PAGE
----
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Marriott to Dominate Several Canadian Cities

By November 19, 2015April 26th, 2022No Comments

Marriott’s US$12.2 billion takeover of Starwood will create an international behemoth of 1.1 million rooms in 5,500 hotels flying 30 different flags. Assuming the transaction closes in mid-2016 as suggested, Marriott will be almost 50% larger (on a total room basis) than Hilton, the world’s next largest hotel chain.

But what does it mean in Canada?  In a word, concentration.  Of the 232,954 branded hotel rooms in Canada at December 31, 2014 (regional, national and international chains, excluding hotels of 30 rooms and less) a total of 45,954 or almost 20% will be controlled by Marriott.  This total includes 16,610 Marriott rooms, 18,474 Starwood rooms and 10,070 Delta rooms. Marriott’s almost 46,000 rooms will fly 17 different flags ranging from Ritz Carlton and Meridien to Fairfield and Four Points.

These figures do not include hotels that have opened thus far in 2015 or the several Marriott projects in markets like Vancouver, Calgary, Edmonton and Montreal expected to come on stream over the next few years.

At the city level, particularly within the downtown submarkets, the concentration is much more pronounced.  Marriott control ranges from less than 20% in downtown Quebec City to almost 75% in downtown Halifax.  The city-wide figures reflect a greater dispersion but still significant control in markets like Ottawa/Hull, Halifax/Dartmouth and Montreal.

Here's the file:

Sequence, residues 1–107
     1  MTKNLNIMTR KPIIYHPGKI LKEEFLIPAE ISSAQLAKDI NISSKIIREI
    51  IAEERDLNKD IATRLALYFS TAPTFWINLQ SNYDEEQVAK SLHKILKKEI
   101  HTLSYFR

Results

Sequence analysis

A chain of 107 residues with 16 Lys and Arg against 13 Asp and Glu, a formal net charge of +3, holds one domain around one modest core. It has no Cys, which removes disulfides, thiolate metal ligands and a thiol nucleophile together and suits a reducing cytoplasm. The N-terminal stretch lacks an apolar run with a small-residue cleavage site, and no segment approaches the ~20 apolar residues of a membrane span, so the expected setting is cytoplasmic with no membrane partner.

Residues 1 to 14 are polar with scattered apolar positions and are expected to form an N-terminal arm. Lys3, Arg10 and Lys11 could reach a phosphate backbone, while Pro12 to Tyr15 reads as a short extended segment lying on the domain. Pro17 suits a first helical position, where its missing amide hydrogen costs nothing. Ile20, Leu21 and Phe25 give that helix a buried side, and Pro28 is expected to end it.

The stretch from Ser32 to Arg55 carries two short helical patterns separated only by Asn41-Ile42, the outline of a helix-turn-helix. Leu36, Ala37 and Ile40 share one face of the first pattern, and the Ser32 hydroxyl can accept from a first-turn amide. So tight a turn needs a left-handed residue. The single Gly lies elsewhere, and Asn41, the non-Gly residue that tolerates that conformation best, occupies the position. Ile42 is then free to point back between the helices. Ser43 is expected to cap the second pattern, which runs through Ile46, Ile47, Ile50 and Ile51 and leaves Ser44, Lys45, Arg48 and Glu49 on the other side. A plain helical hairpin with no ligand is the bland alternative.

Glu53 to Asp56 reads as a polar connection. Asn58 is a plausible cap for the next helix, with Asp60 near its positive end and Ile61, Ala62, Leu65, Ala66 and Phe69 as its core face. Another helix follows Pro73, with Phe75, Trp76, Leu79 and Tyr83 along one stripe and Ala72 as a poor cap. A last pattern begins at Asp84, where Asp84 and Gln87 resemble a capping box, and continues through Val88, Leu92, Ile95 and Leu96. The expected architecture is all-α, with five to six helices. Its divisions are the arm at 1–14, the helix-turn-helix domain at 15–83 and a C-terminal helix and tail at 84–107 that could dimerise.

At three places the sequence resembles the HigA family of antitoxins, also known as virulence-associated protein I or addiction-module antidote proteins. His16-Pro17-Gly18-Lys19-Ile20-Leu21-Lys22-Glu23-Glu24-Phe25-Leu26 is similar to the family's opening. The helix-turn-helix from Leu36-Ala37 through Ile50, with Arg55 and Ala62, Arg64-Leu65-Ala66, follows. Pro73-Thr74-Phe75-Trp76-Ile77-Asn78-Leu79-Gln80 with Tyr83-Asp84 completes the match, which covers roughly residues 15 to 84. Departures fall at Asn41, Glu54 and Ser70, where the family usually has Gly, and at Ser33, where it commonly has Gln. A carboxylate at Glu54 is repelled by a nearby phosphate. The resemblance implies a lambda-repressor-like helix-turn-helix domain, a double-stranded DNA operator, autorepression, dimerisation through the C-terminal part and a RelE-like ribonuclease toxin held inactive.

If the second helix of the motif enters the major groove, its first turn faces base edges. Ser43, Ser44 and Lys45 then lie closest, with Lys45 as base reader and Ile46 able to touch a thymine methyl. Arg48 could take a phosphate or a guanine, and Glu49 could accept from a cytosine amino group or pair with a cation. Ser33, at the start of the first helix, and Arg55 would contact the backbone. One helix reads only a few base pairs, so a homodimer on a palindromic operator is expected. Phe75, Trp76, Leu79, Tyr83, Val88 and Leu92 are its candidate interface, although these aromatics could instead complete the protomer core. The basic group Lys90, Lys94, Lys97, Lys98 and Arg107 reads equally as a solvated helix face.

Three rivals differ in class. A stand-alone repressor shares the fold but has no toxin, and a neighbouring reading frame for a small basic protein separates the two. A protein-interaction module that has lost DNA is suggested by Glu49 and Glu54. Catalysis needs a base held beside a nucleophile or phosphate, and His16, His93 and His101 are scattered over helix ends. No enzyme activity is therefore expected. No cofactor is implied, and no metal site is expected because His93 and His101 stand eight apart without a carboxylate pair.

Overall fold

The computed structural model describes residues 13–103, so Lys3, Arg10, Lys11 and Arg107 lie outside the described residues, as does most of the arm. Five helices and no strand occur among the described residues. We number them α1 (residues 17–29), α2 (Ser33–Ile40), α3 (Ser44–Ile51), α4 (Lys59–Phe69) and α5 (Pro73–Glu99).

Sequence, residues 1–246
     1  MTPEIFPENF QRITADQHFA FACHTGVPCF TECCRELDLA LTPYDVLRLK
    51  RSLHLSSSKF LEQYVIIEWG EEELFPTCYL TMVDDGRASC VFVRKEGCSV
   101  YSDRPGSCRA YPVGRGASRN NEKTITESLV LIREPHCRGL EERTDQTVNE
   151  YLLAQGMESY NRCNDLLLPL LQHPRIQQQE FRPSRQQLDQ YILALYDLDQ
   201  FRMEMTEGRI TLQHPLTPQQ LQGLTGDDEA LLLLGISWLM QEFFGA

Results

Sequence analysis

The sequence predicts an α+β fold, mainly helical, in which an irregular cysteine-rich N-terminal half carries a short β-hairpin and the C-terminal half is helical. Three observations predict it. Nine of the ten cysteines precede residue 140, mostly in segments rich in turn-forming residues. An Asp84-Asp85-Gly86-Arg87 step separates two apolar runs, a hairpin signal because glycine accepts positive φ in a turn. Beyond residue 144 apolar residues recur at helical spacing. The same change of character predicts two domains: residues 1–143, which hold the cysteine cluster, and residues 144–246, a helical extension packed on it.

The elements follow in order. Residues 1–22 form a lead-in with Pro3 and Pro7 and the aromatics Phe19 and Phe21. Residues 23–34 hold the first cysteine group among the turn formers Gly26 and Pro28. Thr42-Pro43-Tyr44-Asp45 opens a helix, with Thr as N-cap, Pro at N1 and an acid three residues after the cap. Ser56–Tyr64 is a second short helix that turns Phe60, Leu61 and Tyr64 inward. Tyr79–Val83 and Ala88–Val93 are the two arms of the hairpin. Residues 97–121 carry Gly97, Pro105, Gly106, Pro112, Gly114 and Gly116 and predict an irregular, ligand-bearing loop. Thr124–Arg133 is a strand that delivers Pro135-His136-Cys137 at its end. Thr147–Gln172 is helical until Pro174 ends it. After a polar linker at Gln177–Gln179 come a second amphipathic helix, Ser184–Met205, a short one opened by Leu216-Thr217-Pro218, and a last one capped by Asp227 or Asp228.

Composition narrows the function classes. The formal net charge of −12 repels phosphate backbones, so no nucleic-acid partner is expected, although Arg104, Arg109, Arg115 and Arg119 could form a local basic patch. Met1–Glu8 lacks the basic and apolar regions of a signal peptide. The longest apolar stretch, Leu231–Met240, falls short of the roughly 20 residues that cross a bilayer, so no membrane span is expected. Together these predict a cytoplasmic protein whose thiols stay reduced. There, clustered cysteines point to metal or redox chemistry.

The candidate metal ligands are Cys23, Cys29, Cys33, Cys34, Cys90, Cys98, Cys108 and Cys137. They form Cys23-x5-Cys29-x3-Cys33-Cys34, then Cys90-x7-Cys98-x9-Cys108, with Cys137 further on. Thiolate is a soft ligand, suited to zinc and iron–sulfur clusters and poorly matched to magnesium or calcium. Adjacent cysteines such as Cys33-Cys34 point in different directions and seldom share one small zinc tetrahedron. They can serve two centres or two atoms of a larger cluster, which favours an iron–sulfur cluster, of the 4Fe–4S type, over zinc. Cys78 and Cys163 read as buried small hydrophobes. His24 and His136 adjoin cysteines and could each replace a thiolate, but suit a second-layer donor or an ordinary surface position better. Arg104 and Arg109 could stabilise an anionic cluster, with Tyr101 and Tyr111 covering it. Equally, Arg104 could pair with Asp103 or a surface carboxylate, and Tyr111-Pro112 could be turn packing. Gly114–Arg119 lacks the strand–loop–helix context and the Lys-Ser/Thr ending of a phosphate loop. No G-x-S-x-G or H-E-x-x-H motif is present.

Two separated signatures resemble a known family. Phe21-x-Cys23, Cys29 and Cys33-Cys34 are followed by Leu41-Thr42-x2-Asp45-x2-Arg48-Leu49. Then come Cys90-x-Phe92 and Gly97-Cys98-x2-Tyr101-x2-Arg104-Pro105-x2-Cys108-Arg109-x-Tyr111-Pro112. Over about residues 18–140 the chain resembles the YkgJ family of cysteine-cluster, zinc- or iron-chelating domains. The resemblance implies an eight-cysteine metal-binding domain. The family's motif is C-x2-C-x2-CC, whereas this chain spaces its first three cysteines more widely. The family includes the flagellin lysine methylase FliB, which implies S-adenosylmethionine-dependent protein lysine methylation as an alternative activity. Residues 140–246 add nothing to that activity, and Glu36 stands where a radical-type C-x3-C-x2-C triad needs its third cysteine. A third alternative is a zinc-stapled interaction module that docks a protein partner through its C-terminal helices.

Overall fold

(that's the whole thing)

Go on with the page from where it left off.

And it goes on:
As the regulatory approval process gears up—creating a legion of delirious legal and tax advisors—it’s worth considering the perspective of various interested parties:

  • Owners: Will the “bigger is better” approach be seen as an advantage or disadvantage on both the aggregate and individual market basis? What impact will the takeover have on potential development projects and brand decisions?
  • Guests: How will Marriott integrate two of the strongest loyalty programs in the hotel world? (Owners will be interested in the cost and market implication of this process.)
  • Partners: How will relationships with airlines and other travel industry services be affected?
  • Meeting Planners: How could Marriott influence destination selection decisions for national and international conventions?
  • OTAs: What impact will controlling large components of room inventory in specific markets do for Marriott’s negotiating power with these intermediaries?
  • Industry leaders: What influence will Marriott wield with local hotel associations and destination marketing organizations?
  • Competitors: The ball’s in their court.  How will Hilton, IHG and other hotel chains react to such a substantive change on the competitive landscape?

While these issues may be specific to the current Marriott and Starwood transaction, the reality is that further hotel consolidation is inevitable. We are looking at interesting times ahead.

Author Lyle Hall

A trusted adviser to private- and public-sector clients in the international tourism, hospitality and gaming industries...for 35+ years. Areas of focus: Gaming, Hotels/Integrated Resorts, Convention and other Public Assembly Venues, Destination Management, Attractions, Entertainment and general Tourism.

More posts by Lyle Hall